The Royals “expect to win”, according to General Manager Dayton Moore, but according to the most recent ZIPS projections, they still have work to do on the roster. Dan Szymborski at Fangraphs released his 2021 ZIPS projections for the Royals this week, and as you might expect, the pitching looks pretty solid going forward, but the hitting lacks the kind of depth the Royals will need to truly be a winning team.
Dan begins by noting the Royals aren’t terrible, but they don’t appear to be on their way to contending any time soon.
The Royals are not a dreadful team. They likely won’t lose 100 games or find themselves setting any horrifying, ineptitude-based records like when the 2019 Orioles allowed 75% of the home runs hit in baseball history. But they’re a phenomenally uninspiring club and like most Royals squads since owner Ewing Kauffman passed away in 1993, one that looks forever stuck in the limbo between not really being close to contending and only half-heartedly rebuilding.
Let’s start with the pitching, which Dan describes as “goodish? Goodishish?” He doesn’t think they have a ton of upside, but have a high floor with a good chance to be solid. He highlights Carlos Hernandez as a guy that may exceed the numbers due to holding his own after a big jump up from A-ball last year.
ZIPS projects many of the young college pitchers from the 2018 draft to have solid careers, although Brad Keller is the only Royals starting pitcher projected to have an ERA below 4.50 next year. ZIPS projects Brady Singer to be a 1.7 WAR pitcher, very solid for a second season, but lefty Kris Bubic actually slightly outperforms him with a lower ERA and 1.9 WAR (when adjusted for playing time). ZIPS projects the Royals to get a very solid return from the Tim Hill deal, with ZIPS fairly high on Ronald Bolaños long-term.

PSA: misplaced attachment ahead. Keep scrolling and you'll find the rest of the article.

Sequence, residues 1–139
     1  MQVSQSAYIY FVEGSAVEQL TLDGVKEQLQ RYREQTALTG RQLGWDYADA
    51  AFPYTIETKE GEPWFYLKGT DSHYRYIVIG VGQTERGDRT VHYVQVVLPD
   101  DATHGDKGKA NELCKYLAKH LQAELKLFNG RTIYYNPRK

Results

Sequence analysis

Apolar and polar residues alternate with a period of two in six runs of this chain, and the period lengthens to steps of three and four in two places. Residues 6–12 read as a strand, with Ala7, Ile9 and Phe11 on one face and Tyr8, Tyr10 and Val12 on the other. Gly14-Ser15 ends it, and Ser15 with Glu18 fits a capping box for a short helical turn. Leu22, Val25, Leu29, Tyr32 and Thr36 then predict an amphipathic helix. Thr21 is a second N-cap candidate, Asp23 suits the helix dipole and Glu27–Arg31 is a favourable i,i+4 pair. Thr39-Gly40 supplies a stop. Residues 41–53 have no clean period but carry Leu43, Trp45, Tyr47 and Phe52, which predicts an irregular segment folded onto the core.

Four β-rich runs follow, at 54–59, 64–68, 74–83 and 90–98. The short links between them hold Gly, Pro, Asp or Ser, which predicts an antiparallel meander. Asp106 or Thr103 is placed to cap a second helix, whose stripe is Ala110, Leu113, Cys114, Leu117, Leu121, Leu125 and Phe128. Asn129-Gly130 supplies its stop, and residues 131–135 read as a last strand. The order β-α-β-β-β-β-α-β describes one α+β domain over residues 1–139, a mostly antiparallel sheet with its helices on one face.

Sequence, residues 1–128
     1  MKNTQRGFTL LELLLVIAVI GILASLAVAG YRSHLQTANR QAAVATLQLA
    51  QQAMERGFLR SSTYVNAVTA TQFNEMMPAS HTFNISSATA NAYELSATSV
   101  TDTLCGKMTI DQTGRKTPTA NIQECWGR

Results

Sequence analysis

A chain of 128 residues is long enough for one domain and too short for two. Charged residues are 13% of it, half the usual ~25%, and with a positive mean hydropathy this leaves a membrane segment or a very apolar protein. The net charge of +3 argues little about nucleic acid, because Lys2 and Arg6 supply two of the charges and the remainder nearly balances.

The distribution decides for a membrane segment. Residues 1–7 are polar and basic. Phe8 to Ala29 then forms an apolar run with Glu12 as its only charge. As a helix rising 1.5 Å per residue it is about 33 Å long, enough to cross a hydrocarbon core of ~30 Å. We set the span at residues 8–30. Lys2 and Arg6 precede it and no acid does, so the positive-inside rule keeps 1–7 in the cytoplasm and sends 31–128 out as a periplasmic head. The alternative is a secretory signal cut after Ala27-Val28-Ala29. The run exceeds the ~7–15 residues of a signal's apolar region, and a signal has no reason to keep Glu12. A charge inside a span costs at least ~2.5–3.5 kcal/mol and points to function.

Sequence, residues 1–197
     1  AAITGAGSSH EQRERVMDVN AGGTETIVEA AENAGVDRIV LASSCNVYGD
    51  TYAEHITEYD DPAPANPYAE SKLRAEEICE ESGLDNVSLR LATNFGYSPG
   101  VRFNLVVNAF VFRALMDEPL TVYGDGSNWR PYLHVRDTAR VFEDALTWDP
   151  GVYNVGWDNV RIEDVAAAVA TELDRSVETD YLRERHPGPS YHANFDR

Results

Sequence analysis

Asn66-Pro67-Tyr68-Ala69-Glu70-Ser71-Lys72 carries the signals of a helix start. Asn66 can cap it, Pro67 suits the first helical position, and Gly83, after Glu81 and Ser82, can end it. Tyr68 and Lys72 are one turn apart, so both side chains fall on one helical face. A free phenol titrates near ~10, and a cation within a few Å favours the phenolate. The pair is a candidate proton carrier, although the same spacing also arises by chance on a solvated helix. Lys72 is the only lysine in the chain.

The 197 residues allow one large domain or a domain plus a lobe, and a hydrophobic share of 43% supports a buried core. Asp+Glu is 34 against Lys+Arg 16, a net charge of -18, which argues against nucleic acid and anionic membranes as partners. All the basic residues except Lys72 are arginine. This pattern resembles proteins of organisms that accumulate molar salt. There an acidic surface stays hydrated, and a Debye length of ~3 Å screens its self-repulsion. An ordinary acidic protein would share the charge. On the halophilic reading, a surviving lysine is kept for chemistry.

2021 ZiPS Projections: Kansas City Royals https://t.co/wREQb7GizP— FanGraphs Baseball (@fangraphs) November 24, 2020
The hitting, well that’s a different story. Dan notes that is not a good sign for a rebuilding time when the best ZIPS projections are for the oldest hitters in the lineup - Whit Merrifield, Jorge Soler, and Salvador Perez. Adalberto Mondesi is the exception, as the most valuable Royals hitter overall at a projected 2.7 WAR (when adjusted for playing time). Mondesi had a tough season in 2019, although he finished on a tear, but ZIPS projects him to hit about his career numbers - .254/.289/.431 with 15 home runs and 46 steals. His top comp is former Royals shortstop Kurt Stillwell, which points to him more being a useful starter at shortstop than a future superstar as some have predicted.
Only four hitters - Jorge Soler, Whit Merrifield, Salvador Perez, and Hunter Dozier - project to be league average, according to OPS+. And there doesn’t seem to be much help on the way. Bobby Witt, Jr. is the only other young hitter projected to put up more than 5 WAR in his career. Nick Pratto’s top comp is former minor leaguer and NFL quarterback Chris Weinke.
ZIPS is a computer projection system using multi-year statistics based on historical aging curves to project future performance. You can read more about what goes into ZIPS here.
What ZIPS projections stand out to you?